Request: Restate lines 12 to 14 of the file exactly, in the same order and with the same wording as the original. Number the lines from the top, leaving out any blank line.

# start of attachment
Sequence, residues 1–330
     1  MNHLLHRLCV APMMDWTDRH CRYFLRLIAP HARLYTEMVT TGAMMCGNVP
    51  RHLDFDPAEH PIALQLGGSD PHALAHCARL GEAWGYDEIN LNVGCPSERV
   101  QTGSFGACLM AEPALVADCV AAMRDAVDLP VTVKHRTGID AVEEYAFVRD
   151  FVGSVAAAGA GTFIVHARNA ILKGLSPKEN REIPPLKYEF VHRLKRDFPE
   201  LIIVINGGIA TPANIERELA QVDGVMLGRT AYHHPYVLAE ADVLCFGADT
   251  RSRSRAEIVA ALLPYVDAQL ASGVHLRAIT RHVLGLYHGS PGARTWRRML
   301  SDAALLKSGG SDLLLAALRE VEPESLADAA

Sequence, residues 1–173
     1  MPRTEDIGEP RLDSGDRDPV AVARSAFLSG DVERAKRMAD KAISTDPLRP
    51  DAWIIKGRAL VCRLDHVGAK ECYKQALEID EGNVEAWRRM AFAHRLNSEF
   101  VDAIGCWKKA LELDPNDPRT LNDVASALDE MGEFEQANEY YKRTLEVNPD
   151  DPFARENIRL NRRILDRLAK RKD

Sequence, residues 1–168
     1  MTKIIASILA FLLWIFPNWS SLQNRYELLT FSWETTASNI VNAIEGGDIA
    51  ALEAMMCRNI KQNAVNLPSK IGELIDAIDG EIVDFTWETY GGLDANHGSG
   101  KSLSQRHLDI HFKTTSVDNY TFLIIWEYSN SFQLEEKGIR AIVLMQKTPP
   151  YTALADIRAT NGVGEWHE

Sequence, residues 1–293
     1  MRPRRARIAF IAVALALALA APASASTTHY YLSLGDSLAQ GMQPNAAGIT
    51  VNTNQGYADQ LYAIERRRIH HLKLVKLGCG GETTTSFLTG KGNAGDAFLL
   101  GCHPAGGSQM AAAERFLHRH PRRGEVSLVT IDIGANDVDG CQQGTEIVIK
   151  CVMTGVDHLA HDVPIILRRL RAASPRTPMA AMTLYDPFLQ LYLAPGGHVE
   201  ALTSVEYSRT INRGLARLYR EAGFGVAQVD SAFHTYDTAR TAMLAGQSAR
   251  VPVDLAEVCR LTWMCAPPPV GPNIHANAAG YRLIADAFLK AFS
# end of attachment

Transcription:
   101  VDAIGCWKKA LELDPNDPRT LNDVASALDE MGEFEQANEY YKRTLEVNPD
   151  DPFARENIRL NRRILDRLAK RKD

Sequence, residues 1–168